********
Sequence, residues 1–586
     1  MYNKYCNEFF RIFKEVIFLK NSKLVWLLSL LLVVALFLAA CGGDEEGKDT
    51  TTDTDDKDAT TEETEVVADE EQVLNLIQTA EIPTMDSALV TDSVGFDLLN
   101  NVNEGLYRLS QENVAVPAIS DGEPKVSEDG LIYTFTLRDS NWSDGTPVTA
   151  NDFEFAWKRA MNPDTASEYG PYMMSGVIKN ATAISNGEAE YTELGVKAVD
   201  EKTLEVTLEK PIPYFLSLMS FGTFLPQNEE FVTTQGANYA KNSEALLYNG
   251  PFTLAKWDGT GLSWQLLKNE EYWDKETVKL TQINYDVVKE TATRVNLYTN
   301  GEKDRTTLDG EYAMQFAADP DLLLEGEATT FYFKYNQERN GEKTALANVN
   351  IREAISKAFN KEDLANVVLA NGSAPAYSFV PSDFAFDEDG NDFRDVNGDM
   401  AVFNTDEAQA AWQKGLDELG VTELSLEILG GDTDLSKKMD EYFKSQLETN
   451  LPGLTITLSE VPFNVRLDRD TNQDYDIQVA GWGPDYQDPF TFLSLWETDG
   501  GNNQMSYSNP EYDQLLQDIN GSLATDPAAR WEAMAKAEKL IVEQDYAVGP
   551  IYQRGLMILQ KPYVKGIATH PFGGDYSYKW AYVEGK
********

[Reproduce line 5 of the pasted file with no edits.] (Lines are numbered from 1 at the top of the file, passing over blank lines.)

   151  NDFEFAWKRA MNPDTASEYG PYMMSGVIKN ATAISNGEAE YTELGVKAVD